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I have always loved this picture since the first time I opened the Bhagavad-gita some 42 years ago. It is a beautiful image of life in the Spiritual Sky, and also, it is a nice graphic description of the 5 types of relationships one can have with the Supreme Lord. The following is a short description, from the Introduction to the Bhagavad-gita As It Is, about the eternal nature, and the 5 types of relationships on can have with the Lord.
…In this material world we find that everything is temporary. It comes into being, stays for some time, produces some by-products, dwindles and then vanishes. That is the law of the material world, whether we use as an example this body, or a piece of fruit or anything. But beyond this temporary world there is another world of which we have information. This world consists of another nature which is sanātana, eternal. Jīva is also described as sanātana, eternal, and the Lord is also described as sanātana in the Eleventh Chapter. We have an intimate relationship with the Lord, and because we are all qualitatively one—the sanātana-dhāma, or sky, the sanātana Supreme Personality and the sanātana living entities—the whole purpose of Bhagavad-gītā is to revive our sanātana occupation, or sanātana-dharma, which is the eternal occupation of the living entity. We are temporarily engaged in different activities, but all of these activities can be purified when we give up all these temporary activities and take up the activities which are prescribed by the Supreme Lord. That is called our pure life.
…That destination is called the sanātana sky, the eternal spiritual sky. (from Introduction to Bhagavad-gita As It Is)
…The Lord informs Arjuna that this system of yoga, the Bhagavad-gītā, was first spoken to the sun-god, and the sun-god explained it to Manu, and Manu explained it to Ikṣvāku, and in that way, by disciplic succession, one speaker after another, this yoga system has been coming down. But in the course of time it has become lost. Consequently the Lord has to speak it again, this time to Arjuna on the Battlefield of Kurukṣetra.
He tells Arjuna that He is relating this supreme secret to him because he is His devotee and His friend. The purport of this is that Bhagavad-gītā is a treatise which is especially meant for the devotee of the Lord. There are three classes of transcendentalists, namely the jñānī, the yogī and the bhakta, or the impersonalist, the meditator and the devotee. Here the Lord clearly tells Arjuna that He is making him the first receiver of a new paramparā (disciplic succession) because the old succession was broken. It was the Lord’s wish, therefore, to establish another paramparā in the same line of thought that was coming down from the sun-god to others, and it was His wish that His teaching be distributed anew by Arjuna. He wanted Arjuna to become the authority in understanding the Bhagavad-gītā. So we see that Bhagavad-gītā is instructed to Arjuna especially because Arjuna was a devotee of the Lord, a direct student of Kṛṣṇa, and His intimate friend. Therefore Bhagavad-gītā is best understood by a person who has qualities similar to Arjuna’s. That is to say he must be a devotee in a direct relationship with the Lord. As soon as one becomes a devotee of the Lord, he also has a direct relationship with the Lord. That is a very elaborate subject matter, but briefly it can be stated that a devotee is in a relationship with the Supreme Personality of Godhead in one of five different ways:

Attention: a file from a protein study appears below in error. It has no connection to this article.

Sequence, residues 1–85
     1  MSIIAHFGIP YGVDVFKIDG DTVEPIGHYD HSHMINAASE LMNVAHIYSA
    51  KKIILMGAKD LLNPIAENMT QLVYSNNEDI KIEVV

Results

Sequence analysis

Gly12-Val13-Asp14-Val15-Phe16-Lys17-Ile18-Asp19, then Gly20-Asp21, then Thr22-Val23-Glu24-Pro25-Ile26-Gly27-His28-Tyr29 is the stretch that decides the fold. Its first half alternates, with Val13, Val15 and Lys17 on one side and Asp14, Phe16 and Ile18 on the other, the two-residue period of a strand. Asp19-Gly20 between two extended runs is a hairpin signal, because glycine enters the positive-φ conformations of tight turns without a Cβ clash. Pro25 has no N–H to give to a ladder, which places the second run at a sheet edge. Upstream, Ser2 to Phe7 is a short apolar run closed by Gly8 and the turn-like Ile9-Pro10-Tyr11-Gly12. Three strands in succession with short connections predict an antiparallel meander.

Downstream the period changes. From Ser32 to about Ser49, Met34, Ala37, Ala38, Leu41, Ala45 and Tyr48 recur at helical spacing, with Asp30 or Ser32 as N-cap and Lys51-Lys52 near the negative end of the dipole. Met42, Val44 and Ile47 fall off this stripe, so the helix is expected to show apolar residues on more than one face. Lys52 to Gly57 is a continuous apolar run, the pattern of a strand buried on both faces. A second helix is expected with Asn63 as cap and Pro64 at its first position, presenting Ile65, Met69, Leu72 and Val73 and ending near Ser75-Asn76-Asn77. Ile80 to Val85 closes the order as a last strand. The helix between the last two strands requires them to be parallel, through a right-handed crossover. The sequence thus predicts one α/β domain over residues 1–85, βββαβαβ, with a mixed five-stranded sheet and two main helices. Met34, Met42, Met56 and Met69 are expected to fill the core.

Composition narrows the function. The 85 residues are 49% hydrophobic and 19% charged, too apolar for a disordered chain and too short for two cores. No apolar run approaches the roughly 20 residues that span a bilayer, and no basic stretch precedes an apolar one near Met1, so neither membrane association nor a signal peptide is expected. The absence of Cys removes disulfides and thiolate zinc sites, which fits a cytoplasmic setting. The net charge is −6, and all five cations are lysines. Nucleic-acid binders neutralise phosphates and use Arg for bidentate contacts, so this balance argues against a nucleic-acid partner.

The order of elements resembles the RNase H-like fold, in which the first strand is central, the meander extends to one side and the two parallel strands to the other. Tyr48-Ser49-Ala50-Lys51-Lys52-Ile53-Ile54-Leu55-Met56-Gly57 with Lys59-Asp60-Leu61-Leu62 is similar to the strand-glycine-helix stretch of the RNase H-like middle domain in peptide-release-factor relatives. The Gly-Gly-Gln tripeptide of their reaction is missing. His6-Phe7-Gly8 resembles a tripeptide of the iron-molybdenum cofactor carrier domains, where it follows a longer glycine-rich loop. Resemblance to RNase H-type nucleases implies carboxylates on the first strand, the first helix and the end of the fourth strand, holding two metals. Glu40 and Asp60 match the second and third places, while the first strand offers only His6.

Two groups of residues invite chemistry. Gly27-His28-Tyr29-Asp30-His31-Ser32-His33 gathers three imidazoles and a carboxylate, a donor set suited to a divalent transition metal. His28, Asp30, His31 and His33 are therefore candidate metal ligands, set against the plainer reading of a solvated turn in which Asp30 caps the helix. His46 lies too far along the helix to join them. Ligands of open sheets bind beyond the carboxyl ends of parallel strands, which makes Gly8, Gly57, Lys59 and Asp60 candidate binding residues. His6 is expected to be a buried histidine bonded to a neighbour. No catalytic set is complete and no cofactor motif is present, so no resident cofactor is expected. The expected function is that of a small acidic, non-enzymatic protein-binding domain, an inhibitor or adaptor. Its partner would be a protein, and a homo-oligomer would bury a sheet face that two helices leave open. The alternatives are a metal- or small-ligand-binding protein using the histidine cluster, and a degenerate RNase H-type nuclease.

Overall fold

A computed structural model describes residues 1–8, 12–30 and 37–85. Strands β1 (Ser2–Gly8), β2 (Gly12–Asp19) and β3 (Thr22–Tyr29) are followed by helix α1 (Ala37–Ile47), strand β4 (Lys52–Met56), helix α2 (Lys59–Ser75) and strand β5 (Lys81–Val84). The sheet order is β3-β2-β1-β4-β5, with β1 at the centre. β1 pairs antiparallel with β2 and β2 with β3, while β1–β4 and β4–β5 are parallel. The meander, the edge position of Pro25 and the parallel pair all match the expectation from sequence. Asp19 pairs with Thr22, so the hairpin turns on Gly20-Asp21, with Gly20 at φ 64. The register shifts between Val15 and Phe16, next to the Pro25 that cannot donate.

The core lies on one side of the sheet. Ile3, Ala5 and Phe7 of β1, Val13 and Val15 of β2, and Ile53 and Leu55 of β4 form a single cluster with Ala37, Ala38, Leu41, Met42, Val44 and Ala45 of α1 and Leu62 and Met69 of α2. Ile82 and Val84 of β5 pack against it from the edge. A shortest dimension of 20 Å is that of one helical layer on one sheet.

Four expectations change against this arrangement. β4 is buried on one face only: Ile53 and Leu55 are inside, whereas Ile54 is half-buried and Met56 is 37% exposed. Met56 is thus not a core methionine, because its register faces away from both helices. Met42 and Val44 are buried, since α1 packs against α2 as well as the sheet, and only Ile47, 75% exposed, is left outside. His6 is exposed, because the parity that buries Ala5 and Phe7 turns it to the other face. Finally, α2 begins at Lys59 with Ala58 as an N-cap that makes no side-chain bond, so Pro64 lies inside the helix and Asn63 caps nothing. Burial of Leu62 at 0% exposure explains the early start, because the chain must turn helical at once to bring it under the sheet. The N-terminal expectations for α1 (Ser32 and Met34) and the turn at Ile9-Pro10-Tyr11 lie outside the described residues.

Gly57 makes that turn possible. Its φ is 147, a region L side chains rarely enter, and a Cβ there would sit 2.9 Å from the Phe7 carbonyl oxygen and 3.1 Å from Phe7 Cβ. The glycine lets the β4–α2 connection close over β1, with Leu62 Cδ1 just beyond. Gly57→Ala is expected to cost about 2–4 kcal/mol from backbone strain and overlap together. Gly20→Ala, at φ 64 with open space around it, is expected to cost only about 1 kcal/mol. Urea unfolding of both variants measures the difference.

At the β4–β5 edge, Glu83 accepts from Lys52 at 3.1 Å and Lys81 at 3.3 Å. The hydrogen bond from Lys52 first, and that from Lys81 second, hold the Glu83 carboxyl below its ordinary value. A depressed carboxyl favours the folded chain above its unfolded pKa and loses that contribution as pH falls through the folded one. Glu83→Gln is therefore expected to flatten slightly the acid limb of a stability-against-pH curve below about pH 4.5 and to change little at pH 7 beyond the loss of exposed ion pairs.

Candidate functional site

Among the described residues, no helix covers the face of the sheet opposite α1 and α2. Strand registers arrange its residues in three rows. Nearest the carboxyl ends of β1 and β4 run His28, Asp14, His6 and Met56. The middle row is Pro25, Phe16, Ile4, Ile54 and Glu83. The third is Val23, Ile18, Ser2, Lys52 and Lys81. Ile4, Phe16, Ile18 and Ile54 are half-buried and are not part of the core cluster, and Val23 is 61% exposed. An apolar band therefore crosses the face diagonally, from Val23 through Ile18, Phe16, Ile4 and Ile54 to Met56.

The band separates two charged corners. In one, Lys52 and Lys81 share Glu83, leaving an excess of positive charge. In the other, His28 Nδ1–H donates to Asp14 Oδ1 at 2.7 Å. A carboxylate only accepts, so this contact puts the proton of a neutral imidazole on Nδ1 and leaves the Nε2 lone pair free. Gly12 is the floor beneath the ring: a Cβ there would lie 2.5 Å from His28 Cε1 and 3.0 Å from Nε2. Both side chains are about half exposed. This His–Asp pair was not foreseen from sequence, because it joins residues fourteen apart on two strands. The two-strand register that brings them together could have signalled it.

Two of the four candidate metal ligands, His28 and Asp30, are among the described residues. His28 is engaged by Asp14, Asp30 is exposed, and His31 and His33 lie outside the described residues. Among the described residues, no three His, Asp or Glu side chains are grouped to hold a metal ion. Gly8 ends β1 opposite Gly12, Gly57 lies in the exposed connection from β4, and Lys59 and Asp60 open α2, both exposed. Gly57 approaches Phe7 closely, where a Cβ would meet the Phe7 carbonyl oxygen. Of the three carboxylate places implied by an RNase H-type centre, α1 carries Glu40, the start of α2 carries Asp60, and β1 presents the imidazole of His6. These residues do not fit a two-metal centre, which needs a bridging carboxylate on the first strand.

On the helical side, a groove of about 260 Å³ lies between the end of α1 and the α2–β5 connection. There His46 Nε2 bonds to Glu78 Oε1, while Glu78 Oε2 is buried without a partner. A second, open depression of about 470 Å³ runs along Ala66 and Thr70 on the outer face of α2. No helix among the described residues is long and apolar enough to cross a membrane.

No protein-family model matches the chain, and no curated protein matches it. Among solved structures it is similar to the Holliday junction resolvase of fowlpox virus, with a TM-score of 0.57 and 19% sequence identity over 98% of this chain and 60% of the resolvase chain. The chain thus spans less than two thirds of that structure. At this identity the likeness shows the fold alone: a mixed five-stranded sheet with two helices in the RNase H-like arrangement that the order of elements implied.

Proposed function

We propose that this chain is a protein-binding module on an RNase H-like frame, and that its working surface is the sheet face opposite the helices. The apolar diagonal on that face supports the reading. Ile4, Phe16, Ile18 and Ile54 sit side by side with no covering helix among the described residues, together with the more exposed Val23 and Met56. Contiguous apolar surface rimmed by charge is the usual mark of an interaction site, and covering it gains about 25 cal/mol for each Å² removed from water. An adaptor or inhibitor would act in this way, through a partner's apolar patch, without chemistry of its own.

1. One may be a devotee in a passive state;
2. One may be a devotee in an active state;
3. One may be a devotee as a friend;
4. One may be a devotee as a parent;
5. One may be a devotee as a conjugal lover.
Arjuna was in a relationship with the Lord as friend. Of course there is a gulf of difference between this friendship and the friendship found in the material world. This is transcendental friendship which cannot be had by everyone. Of course everyone has a particular relationship with the Lord, and that relationship is evoked by the perfection of devotional service. But in the present status of our life, we have not only forgotten the Supreme Lord, but we have forgotten our eternal relationship with the Lord. Every living being, out of many, many billions and trillions of living beings, has a particular relationship with the Lord eternally. That is called svarūpa. By the process of devotional service, one can revive that svarūpa, and that stage is called svarūpa-siddhi-perfection of one’s constitutional position. So Arjuna was a devotee, and he was in touch with the Supreme Lord in friendship. (also from Introduction to Bhagavad-gita As It Is by His Divine Grace A. C. Bhaktivedanta Swami Prabhupada)